By Gbenga Osinaike
A young university graduate who was born with the HIV virus (names withheld) has described how her mother broke the news of her HIV status to her when she was 11.
She made the revelation recently in an interview with our reporter at the Genesis Cinema, Maryland Lagos during the debut of a documentary on HIV/AIDS by Positive Action for Treatment Access (PATA) and the Network of people living with HIV in Nigeria.
The documentary film titled, “nothing without us: The women who will end AIDS”
The documentary was shot in Nigeria, Burundi and the United States. It tells the story of how women living with HIV turned a devastating diagnosis into a fight for survival, access to life saving medications and a movement to end a global epidemic.
Nigeria’s Rolake Odetoyinbo who was among the first set of Nigerians to publicly declare her HIV status was prominently featured in the documentary. She was also present at the presentation of the documentary inspiring hope that the battle against HIV/AIDS is being won.
The lady born with HIV who declined that her name be mentioned because her mother was not aware of the interview said, “My father and mother are carriers of the virus and they are still alive. People now live with the virus as long as they take their medications. In my case the virus has been fully subdued. I can’t transmit it to anybody because I have consistently been taking my drugs. I take drugs twice a day.”
Reflecting on the day her mother broke the news she said, “Like I said I was 11 when my mother broke the news to me. It was a particularly sad day in my life. But I do not blame my parents. It’s not their fault. It is nobody’s fault. I believe there is a purpose for God allowing what has happened to me to happen.”
Now 21 and a graduate of Biochemistry, she said life as a HIV carrier has been challenging noting however that she has learnt to live with the virus. “I had a relationship that did not work out because I disclosed my status to my partner. But that would not stop me from disclosing my status to whoever wants to marry me. I believe one day I will carry my baby and if I am not married I would be glad to adopt babies from motherless homes. I love to have babies that I can care for.”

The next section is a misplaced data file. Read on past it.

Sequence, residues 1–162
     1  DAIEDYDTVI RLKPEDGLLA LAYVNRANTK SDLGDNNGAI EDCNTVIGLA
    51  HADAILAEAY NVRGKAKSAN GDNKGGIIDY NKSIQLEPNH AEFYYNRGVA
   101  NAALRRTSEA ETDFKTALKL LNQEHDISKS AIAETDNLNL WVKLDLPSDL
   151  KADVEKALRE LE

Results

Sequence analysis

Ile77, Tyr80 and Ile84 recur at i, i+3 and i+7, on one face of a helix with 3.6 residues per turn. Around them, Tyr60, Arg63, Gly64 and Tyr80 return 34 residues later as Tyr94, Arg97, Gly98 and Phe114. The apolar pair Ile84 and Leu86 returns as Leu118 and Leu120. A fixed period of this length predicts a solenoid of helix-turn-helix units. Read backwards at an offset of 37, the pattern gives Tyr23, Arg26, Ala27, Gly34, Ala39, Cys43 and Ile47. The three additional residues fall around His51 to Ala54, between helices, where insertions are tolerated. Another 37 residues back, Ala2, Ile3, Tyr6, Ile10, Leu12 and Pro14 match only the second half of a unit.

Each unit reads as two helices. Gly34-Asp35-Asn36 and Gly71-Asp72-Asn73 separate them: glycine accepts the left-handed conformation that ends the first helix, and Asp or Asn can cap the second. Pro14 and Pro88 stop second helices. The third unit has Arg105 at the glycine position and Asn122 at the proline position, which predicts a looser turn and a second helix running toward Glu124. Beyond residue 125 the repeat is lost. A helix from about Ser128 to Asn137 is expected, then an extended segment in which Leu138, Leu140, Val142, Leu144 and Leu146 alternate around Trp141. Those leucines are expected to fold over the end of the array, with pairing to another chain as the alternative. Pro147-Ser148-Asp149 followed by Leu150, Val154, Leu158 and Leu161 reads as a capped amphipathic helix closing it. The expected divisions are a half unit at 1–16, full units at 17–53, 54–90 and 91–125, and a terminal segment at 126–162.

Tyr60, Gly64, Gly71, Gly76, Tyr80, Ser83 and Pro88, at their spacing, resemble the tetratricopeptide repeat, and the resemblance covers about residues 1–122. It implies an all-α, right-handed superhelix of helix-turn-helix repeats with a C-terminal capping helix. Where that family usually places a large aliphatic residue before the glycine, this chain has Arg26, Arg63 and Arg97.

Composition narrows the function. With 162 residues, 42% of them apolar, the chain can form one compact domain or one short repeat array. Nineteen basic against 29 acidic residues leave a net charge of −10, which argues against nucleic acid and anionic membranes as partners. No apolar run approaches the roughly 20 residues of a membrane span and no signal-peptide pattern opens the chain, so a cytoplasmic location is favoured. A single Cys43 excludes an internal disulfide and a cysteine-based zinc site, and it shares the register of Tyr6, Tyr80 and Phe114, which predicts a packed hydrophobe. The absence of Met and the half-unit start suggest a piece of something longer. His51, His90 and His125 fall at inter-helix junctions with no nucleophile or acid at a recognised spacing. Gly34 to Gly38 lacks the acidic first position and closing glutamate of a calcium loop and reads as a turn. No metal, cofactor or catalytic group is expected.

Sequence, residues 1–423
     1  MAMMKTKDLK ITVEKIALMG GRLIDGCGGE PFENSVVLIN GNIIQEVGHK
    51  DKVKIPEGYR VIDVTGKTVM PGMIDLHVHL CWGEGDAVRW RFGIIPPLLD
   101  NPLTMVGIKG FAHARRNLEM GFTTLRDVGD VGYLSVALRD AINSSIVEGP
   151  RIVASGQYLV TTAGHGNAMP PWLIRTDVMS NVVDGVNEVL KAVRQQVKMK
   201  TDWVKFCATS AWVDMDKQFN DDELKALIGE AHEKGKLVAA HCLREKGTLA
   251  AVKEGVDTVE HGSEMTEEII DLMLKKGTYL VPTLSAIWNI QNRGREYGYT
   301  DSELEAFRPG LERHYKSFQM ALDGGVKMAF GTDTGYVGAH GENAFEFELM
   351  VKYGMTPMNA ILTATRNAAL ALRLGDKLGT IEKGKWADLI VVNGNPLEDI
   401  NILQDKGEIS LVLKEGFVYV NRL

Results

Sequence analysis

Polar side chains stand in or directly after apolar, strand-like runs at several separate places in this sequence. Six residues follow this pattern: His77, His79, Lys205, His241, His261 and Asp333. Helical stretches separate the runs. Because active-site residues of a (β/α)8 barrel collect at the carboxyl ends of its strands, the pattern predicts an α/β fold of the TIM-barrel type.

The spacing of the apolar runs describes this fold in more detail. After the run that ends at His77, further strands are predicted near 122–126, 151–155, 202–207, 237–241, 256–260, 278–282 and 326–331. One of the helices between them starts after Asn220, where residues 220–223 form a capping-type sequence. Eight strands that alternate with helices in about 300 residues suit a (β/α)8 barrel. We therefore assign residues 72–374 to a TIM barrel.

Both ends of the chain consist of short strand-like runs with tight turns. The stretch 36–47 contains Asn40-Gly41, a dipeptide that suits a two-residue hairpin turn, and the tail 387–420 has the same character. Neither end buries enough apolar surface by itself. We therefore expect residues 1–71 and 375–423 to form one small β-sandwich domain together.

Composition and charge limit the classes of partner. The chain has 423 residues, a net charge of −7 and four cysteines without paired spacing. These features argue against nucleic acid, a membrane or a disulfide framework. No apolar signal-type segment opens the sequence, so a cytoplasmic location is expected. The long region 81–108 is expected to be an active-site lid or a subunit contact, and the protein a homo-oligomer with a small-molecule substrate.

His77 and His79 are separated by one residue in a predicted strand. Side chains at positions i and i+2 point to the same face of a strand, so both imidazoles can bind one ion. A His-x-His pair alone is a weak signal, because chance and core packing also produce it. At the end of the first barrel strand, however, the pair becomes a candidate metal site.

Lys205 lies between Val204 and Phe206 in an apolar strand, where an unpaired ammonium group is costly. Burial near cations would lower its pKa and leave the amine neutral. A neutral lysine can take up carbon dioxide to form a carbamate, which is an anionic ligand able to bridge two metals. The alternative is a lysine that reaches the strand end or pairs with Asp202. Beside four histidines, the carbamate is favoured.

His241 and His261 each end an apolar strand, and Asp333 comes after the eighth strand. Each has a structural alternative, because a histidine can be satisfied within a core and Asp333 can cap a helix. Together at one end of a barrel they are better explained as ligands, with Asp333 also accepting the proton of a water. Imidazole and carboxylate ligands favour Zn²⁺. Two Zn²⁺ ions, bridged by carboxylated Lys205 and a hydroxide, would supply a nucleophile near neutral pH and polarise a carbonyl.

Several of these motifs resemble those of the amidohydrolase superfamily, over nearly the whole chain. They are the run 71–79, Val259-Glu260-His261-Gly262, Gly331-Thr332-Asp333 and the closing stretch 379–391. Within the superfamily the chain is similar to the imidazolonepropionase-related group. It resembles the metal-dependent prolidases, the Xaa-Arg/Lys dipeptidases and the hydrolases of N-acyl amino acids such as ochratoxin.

One of the most trying times of her life according to her was when her boss where she did her industrial attachment stopped her from taking people’s blood for test in the laboratory because he said she could infect people with HIV. “What made it painful for me is that this boss of mine is an educated person and he knows by taking people’s blood for test it is not possible to transmit the virus. That made me feel really bad. But I take solace in the fact that nobody can dictate my joy. I have forgiven him ever since and I have moved on.”
She noted that many are still ignorant of the fact that HIV virus in a person is not a death sentence. “Many who take their drugs regularly now live happy and healthy lives. In my case the viral load is undetectable. It is not transmittable. If people know their status they will be on drug over time the viral load will be undetected. They can have relationship with people without infecting others. As I take the drugs the virus is locked up. We are hoping for the cure.”
She said taking the drug everyday could be tiring adding however that it is the only option left. “We trust that one day the cure will be fund and it will be like malaria is being cured today. In my case I believe that whatever it is God has for me I know I will get there. I am not a churchy person. I talk to God. I know that I talk to God in my quiet time. I have a father-daughter relationship with God. HIV is just a virus and not something that will kill you except you want it to kill you.”